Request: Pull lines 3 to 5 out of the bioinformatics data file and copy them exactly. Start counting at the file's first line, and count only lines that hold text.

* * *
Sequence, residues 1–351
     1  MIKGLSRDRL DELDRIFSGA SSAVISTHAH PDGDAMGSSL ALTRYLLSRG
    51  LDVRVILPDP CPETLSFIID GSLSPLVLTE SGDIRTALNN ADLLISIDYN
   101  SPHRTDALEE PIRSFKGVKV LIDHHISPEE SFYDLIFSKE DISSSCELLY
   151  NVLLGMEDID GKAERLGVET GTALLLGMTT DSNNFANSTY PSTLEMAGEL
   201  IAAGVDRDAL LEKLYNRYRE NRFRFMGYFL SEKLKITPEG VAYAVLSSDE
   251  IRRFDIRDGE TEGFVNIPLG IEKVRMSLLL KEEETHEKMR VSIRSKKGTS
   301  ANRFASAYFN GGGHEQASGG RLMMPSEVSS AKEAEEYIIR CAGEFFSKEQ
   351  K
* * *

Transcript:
    51  LDVRVILPDP CPETLSFIID GSLSPLVLTE SGDIRTALNN ADLLISIDYN
   101  SPHRTDALEE PIRSFKGVKV LIDHHISPEE SFYDLIFSKE DISSSCELLY
   151  NVLLGMEDID GKAERLGVET GTALLLGMTT DSNNFANSTY PSTLEMAGEL